This is the distribution curve for the Moneta dress by Colette Patterns. About 80% of the population can use this pattern. The pattern maker used 7 sizes to get that range.

Colette recently extended their size range with new patterns for knits. This is the size range for the Moneta dress. It covers 80% of the population, in only 7 sizes. This isn’t one of the top patterns on pattern (it’s too new to be considered), but I think it’s interesting to look at, compared to the previous size range for this company.

This is the distribution curve for the Tiramisu dress by Cake Patterns. About 85% of the population can use this pattern. The pattern makers used 5 sizes to get that range.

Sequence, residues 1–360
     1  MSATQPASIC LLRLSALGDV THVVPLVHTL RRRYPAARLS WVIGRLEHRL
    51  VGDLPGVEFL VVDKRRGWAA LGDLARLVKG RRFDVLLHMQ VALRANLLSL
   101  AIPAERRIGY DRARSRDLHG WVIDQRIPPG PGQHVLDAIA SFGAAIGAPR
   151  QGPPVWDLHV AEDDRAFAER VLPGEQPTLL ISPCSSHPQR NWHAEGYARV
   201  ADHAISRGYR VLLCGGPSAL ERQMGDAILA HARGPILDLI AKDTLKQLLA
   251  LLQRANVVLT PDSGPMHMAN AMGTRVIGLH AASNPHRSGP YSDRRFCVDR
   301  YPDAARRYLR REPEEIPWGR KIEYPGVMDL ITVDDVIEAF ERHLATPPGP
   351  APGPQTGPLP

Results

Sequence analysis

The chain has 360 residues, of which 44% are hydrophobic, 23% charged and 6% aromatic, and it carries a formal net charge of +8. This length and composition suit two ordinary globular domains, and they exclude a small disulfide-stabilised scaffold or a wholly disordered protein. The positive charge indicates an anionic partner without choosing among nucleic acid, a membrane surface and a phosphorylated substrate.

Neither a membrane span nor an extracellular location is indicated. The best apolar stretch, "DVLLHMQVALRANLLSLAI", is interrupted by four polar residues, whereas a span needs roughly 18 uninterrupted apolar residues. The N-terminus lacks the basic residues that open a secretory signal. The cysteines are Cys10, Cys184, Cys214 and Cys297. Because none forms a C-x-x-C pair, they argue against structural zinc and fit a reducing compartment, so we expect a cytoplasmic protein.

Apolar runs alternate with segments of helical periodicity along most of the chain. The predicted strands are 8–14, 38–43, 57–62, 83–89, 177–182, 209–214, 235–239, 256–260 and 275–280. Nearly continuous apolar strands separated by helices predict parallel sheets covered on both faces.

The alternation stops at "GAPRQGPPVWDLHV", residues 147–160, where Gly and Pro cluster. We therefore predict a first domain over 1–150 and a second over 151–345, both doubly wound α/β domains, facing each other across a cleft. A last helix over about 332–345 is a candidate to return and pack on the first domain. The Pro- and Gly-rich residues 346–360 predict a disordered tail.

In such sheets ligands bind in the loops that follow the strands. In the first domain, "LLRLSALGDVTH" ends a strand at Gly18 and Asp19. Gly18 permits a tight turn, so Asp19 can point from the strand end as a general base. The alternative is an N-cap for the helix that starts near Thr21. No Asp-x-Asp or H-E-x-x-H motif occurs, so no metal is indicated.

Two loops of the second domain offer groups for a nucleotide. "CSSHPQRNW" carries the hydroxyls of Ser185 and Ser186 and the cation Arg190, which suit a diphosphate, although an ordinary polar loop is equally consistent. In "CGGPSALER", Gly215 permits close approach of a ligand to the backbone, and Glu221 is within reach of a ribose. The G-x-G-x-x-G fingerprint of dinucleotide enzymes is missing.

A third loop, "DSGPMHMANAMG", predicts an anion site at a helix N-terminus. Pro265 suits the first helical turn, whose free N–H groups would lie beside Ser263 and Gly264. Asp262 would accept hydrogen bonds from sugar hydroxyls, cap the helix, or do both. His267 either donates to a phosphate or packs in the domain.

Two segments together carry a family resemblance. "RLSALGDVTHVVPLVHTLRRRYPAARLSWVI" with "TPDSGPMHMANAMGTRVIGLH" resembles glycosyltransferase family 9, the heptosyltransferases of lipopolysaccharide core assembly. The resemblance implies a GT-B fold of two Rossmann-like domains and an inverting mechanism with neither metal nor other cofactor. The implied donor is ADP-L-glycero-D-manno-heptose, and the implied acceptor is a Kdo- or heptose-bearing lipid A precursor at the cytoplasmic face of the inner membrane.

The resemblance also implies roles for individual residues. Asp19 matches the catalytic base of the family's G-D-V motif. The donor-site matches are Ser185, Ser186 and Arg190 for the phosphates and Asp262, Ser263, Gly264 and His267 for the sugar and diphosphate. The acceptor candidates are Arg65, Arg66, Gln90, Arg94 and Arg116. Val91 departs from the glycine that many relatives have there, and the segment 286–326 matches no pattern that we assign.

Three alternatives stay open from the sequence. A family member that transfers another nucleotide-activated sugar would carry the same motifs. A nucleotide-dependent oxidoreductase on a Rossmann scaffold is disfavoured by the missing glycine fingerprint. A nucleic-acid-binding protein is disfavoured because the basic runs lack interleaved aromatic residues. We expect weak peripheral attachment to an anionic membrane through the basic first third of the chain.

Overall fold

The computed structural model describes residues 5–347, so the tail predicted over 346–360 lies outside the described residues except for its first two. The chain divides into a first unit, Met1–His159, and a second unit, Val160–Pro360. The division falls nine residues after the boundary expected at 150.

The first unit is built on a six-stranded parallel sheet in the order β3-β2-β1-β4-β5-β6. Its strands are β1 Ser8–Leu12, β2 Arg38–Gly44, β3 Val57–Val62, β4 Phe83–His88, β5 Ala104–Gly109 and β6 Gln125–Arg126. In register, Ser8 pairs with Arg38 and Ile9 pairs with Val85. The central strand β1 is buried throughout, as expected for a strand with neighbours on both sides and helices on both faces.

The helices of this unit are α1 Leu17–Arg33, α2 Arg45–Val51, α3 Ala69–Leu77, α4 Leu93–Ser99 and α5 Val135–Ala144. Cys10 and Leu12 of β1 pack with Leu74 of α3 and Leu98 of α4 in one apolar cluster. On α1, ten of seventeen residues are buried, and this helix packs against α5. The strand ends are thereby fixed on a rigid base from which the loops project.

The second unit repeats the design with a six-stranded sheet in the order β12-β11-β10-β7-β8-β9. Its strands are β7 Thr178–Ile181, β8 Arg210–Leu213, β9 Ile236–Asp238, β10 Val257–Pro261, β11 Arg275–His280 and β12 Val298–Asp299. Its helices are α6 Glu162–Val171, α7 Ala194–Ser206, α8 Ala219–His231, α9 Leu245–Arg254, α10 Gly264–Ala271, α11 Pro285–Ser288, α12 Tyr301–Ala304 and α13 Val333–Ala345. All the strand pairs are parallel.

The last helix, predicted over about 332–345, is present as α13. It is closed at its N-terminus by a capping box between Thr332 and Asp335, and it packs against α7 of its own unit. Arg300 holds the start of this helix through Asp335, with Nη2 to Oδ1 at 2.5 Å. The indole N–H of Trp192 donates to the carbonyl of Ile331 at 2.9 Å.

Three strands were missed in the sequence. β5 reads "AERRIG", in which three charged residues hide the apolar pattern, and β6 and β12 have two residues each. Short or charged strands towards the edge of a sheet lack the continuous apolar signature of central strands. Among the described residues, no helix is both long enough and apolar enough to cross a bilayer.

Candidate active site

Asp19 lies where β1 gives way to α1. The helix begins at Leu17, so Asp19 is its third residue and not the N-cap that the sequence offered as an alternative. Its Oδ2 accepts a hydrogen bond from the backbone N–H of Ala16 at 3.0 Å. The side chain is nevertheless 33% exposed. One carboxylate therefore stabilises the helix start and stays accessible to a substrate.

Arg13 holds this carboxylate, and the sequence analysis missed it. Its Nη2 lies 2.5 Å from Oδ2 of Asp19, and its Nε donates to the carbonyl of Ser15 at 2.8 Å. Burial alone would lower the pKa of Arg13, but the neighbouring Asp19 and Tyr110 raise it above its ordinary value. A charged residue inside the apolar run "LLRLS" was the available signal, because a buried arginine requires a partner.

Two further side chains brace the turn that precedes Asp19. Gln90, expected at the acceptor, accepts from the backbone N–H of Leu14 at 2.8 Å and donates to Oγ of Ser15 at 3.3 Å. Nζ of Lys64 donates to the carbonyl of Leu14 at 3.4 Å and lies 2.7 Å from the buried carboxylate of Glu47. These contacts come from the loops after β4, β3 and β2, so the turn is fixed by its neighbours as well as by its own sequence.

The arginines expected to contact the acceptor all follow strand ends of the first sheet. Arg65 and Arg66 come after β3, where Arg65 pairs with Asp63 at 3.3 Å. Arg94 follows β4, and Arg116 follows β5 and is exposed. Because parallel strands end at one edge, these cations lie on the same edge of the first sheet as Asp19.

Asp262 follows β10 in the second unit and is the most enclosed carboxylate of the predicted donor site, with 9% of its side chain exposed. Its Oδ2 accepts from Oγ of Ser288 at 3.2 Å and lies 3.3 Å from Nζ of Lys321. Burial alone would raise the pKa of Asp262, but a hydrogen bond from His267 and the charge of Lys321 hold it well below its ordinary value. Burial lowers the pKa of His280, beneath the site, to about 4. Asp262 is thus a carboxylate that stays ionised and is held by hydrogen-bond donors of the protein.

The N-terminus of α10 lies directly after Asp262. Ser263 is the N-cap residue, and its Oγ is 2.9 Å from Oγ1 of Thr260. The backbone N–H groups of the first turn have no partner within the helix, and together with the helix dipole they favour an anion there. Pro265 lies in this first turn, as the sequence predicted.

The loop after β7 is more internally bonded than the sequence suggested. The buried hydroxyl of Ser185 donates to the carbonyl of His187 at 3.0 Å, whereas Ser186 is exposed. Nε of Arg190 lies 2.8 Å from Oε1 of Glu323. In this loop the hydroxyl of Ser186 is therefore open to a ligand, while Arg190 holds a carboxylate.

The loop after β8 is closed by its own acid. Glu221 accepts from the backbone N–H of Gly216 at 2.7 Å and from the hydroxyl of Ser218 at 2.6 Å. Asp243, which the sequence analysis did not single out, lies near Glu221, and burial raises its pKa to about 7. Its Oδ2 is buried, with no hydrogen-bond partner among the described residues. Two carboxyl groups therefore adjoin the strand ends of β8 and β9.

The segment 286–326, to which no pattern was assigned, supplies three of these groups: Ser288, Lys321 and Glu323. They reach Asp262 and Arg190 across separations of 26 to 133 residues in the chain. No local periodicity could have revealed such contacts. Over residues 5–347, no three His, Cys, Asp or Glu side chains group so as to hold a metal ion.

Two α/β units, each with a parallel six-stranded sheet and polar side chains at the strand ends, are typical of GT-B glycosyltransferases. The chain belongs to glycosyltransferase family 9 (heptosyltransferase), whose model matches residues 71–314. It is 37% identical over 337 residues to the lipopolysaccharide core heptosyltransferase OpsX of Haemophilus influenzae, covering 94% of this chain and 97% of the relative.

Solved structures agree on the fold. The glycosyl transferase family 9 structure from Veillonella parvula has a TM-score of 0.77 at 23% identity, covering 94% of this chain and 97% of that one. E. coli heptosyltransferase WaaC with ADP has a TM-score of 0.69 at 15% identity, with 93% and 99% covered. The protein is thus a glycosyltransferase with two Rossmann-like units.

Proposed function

This is the distribution curve for the Tiramisu dress by Cake Patterns. About 85% of the population can use this pattern. The pattern makers used 5 sizes to get that range.

The Tiramisu dress is also a dress for knits. It covers a slightly larger percent of the population (85%), but this time with only five individual sizes.

This is the distribution curve for the Jalie 2919 "Pleated Cardigan and Vest". About 8% of the population can use this pattern. The pattern makers included 27 sizes (including children's sizes) to get that range.
This is the distribution curve for the Jalie 2919 “Pleated Cardigan and Vest”. About 8% of the population can use this pattern. The pattern makers included 27 sizes (including children’s sizes) to get that range.